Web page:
Saturday, December 5, 2009

Democrats Take Dim View Of Comcast/NBC

Two Democratic members of the House of Representatives and a Democratic FCC Commissioner with a history of anti-consolidation activism have weighed in on Comcast’s plans to acquire a controlling stake in NBCU.

The nicest assessment of the deal was that it is questionable; another called it devastating.

Ed Markey (D-MA), who has long had a leadership role in communications matters on the Hill, was the one who finds the deal questionable. He said, “This proposed deal raises significant questions about consumer choice and competition, innovation and investment in the media marketplace that merit close scrutiny by Congress, the FCC and the Justice Department. While the companies have determined that this merger advances their business interests, it is essential that the public interest is served. As the author of the Internet Freedom Preservation Act to ensure network neutrality along with Energy and Commerce Chairman Henry Waxman and Congresswoman Anna Eshoo, I want to ensure that the combination of a major network operator and a large content owner does not open the door to discrimination on the Internet to the detriment of users. I look forward to working with my colleagues and the Administration on this important matter as the process moves forward.”

Maurice Hinchey (D-NY), who has taken a leadership role in pushing back against media consolidation, had a much more negative reaction -- in fact, it was completely negative.

He said, “Comcast's acquisition of NBC Universal would have a devastating impact on the already decreasing ability of the American people to receive unfiltered access to news, information, and entertainment programming from a wide array of sources."

"Given that we've already seen Comcast try to censor the Internet when it sought to undermine network neutrality several years ago, the American people should have no faith that Comcast would allow them to have access to a wide array of television programming…A diverse media system is critical to a properly functioning democracy. Further consolidation would shortchange the wide array of ideas and content needed to keep the American people informed about their elected officials. This acquisition must be stopped.”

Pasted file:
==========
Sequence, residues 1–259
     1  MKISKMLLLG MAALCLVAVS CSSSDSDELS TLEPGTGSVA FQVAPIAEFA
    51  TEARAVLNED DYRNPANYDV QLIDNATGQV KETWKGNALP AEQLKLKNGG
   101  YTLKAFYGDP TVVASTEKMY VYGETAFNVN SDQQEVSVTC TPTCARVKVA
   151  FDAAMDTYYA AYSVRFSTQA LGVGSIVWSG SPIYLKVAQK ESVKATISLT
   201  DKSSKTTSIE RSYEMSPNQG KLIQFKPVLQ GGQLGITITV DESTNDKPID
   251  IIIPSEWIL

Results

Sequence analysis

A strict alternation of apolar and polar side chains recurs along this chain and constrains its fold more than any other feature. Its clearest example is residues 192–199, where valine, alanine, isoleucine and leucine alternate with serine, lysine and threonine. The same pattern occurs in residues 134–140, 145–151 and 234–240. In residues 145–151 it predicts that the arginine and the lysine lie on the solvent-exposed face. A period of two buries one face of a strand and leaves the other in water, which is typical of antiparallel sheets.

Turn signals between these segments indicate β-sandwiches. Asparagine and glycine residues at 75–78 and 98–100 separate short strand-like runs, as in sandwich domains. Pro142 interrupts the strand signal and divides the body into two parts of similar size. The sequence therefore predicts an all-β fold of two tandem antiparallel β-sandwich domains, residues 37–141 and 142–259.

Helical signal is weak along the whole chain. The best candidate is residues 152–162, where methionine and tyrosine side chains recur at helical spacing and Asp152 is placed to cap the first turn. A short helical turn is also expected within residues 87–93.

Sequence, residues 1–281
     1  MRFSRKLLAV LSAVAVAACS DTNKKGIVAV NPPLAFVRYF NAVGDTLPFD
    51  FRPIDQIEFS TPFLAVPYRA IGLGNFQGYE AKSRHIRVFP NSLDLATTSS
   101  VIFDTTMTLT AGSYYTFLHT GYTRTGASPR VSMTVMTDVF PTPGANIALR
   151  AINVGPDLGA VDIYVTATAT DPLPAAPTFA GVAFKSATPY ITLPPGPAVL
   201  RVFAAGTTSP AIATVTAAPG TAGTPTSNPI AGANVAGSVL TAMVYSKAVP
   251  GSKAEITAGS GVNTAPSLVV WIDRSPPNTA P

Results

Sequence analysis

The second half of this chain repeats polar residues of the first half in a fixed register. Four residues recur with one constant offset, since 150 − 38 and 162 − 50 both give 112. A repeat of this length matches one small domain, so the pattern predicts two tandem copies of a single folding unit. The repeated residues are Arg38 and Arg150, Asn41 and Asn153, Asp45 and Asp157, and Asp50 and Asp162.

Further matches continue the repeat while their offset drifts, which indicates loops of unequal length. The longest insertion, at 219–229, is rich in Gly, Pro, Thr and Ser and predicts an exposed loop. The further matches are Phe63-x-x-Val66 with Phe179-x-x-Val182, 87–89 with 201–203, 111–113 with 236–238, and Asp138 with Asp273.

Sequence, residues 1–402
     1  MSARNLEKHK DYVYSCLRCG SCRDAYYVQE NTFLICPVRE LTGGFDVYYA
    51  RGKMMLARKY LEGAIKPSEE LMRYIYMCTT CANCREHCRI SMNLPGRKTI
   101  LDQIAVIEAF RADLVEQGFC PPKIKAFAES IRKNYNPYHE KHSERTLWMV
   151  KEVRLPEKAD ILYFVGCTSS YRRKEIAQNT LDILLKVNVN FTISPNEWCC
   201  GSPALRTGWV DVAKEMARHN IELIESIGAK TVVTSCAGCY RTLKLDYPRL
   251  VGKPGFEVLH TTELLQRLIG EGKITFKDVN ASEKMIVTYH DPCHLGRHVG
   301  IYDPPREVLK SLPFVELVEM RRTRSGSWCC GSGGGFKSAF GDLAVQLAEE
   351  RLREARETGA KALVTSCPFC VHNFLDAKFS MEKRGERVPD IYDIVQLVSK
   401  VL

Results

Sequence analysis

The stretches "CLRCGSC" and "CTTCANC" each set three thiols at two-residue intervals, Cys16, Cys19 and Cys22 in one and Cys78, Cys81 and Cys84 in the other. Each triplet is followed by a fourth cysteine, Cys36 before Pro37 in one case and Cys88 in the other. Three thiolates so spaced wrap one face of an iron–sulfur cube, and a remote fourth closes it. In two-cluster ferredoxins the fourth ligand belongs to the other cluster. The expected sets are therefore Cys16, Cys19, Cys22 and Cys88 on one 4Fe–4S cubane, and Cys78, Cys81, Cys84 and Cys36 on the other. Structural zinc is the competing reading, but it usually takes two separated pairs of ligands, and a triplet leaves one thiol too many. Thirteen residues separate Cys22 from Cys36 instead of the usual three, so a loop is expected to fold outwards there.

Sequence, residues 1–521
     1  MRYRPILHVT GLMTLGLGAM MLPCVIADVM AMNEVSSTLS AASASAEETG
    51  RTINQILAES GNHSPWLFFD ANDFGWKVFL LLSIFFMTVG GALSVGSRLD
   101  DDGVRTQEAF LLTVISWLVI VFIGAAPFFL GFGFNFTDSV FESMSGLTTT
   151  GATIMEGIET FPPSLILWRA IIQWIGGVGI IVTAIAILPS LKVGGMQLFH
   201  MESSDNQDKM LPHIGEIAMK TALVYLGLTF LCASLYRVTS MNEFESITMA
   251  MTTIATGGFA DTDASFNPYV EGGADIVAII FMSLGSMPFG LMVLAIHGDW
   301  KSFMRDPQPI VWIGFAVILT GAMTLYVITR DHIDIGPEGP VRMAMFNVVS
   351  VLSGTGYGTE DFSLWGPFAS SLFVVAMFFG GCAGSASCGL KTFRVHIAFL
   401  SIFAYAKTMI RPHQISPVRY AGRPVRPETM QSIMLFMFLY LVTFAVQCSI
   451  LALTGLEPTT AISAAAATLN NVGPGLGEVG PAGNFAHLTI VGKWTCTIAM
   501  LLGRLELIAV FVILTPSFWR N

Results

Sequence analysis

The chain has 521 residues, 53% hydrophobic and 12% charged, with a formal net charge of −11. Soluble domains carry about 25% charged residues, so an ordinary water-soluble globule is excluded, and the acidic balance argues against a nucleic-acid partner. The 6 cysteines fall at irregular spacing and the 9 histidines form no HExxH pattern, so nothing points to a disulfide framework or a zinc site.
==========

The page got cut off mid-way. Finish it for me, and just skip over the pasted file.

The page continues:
FCC Commissioner Michael Copps, a longtime foe of consolidation, will have an opportunity to review the transaction. He said, “Some may have thought the era of media consolidation—fewer huge companies controlling more of the nation’s media assets—was behind us. This transaction proves those analysts wrong. The push to combine content and distribution continues and, as the economy recovers, we will see more proposed media industry combinations.”

Copps continued, “While I look at each proposed transaction on its individual merits, my long-tanding skepticism about the harms imposed by so few controlling so much persists.

And this particular transaction raises a multitude of important questions:

What is its impact on the prices consumers will pay?

Would the combination mean more newsrooms (but perhaps fewer reporters) controlled by one entity?

How would the transaction affect minorities and diversity on the airwaves?

Would this merger lead to fewer voices on both traditional and new media?

Does the nature of the transaction make even more urgent the need for FCC network neutrality rules?

What about the future of competition in the several markets these companies serve?

The list of questions and consequences goes on. Clearly this proposal requires close and comprehensive Commission review.

The lodestar for this review must be the public interest.”He concluded, “I look forward to broad stakeholder reaction to today’s announcement—and, indeed, every citizen has a stake here. I am anxious to hear more from the parties to the deal about how they believe the proposed transaction, as presently constructed, advances the public interest. It will come as no news to them that they face a very steep climb with me.”


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